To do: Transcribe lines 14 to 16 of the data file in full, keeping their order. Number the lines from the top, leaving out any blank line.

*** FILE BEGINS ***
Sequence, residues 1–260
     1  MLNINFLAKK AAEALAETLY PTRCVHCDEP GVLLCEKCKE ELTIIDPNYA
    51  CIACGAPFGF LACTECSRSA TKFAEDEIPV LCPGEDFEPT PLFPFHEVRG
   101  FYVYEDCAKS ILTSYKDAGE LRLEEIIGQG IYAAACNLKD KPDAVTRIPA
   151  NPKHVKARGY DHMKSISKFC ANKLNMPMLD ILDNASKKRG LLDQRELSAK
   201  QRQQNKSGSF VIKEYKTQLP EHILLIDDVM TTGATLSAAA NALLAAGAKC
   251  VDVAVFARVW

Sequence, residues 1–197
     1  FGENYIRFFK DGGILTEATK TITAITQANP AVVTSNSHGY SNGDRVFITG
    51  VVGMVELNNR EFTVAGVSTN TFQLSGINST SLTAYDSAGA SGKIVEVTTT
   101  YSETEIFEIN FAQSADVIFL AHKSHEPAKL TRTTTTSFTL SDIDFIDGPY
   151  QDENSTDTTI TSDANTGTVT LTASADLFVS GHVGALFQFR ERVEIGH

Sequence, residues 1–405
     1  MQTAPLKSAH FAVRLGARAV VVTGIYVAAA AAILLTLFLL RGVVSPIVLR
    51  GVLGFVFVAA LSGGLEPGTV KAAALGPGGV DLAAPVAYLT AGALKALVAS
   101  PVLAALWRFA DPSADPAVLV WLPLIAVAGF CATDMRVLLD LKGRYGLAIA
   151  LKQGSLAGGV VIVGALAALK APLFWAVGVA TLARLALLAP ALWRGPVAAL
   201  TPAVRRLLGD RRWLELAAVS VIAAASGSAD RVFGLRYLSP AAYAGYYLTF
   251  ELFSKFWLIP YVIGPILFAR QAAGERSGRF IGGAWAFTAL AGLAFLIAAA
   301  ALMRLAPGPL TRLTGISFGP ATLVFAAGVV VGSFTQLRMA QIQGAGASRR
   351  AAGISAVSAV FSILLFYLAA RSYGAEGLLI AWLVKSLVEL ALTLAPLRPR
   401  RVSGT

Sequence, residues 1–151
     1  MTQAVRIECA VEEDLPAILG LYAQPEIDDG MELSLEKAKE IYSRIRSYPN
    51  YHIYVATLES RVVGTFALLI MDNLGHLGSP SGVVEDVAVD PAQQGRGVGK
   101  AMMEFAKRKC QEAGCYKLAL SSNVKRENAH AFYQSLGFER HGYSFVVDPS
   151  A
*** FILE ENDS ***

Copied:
     1  MQTAPLKSAH FAVRLGARAV VVTGIYVAAA AAILLTLFLL RGVVSPIVLR
    51  GVLGFVFVAA LSGGLEPGTV KAAALGPGGV DLAAPVAYLT AGALKALVAS
   101  PVLAALWRFA DPSADPAVLV WLPLIAVAGF CATDMRVLLD LKGRYGLAIA